Hawaii and Geothermal-What Has Been Happening

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Journal Article: Hawaii and Geothermal-What Has Been Happening


The Hawaiian Islands lie above a geological “hot spot” in the earth’s mantle that has been volcanically active for the past 70 million years, with the island of Hawaii (the “Big Island”) having the most recent activity. The Big Island has an obvious, large potential for geothermal energy resources, both for electrical generation and direct utilization. Since the 1976 drilling of the HGP-A well and the discovery of the Kapoho Geothermal Reservoir in the lower Kilauea East Rift Zone, geothermal power potential on the Big Island has been estimated at between 500 and 700 Megawatts (Thomas, 1987). As a historical note, King Kalakaua, who was on the throne of the Hawaiian Kingdom before Hawaii became a state, had extraordinary vision regarding many things, including electricity. Kalakaua, along with several of his closest advisors, visited Thomas A. Edison in New York in 1881 because the King was interested in replacing the kerosene lamps being used at his Iolani Palace with electric lamps. Because of his efforts, Honolulu became one of the first cities in the West to have electric street lights when Princess Kaiulani closed the switch that provided the power, not from the volcano, but from a nearby hydroelectric plant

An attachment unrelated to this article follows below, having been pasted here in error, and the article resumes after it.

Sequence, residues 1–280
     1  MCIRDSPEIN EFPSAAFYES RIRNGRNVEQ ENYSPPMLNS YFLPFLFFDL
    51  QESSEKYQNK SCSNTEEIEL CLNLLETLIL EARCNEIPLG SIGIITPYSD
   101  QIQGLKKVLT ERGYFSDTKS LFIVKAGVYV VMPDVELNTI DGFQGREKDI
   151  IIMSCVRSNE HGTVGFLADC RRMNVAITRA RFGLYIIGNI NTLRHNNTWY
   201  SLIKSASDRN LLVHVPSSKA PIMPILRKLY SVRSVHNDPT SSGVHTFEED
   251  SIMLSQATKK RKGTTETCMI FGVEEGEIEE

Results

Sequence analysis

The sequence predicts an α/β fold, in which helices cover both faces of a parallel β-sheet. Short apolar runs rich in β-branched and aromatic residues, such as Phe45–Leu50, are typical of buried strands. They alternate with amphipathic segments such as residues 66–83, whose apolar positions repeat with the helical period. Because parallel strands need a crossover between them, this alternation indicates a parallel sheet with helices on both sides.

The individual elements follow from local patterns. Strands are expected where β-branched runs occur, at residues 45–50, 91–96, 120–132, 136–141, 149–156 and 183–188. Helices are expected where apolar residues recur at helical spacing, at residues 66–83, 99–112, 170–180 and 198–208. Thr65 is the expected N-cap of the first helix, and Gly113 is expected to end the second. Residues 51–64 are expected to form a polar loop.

(Energy, Resources, and Technology Division, 2002d).

Tonya L. Boyd, D. Thomas and A. T. Gill

Published Journal 
Geo-Heat Center Quarterly Bulletin, 2002

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Internet link for Hawaii and Geothermal-What Has Been Happening

Tonya L. Boyd, D. Thomas, A. T. Gill. 2002. Hawaii and Geothermal-What Has Been Happening. Geo-Heat Center Quarterly Bulletin. 23(3):11–21.